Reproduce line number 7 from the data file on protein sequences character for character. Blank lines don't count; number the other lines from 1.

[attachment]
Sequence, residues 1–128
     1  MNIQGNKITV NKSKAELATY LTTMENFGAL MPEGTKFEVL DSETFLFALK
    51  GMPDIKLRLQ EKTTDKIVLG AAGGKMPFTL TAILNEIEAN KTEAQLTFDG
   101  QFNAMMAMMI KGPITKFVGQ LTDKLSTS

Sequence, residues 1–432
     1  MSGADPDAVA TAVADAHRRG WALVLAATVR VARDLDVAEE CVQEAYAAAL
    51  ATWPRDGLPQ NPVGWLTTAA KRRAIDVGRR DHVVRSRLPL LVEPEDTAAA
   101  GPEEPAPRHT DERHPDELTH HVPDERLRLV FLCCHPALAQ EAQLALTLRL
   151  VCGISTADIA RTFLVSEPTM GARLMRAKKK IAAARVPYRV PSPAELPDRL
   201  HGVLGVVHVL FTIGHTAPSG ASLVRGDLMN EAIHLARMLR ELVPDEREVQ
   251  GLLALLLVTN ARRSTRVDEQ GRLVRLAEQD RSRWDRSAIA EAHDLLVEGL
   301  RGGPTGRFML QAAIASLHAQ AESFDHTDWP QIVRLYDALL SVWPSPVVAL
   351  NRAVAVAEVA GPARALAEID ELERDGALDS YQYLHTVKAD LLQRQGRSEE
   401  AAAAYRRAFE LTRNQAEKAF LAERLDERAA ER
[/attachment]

    51  ATWPRDGLPQ NPVGWLTTAA KRRAIDVGRR DHVVRSRLPL LVEPEDTAAA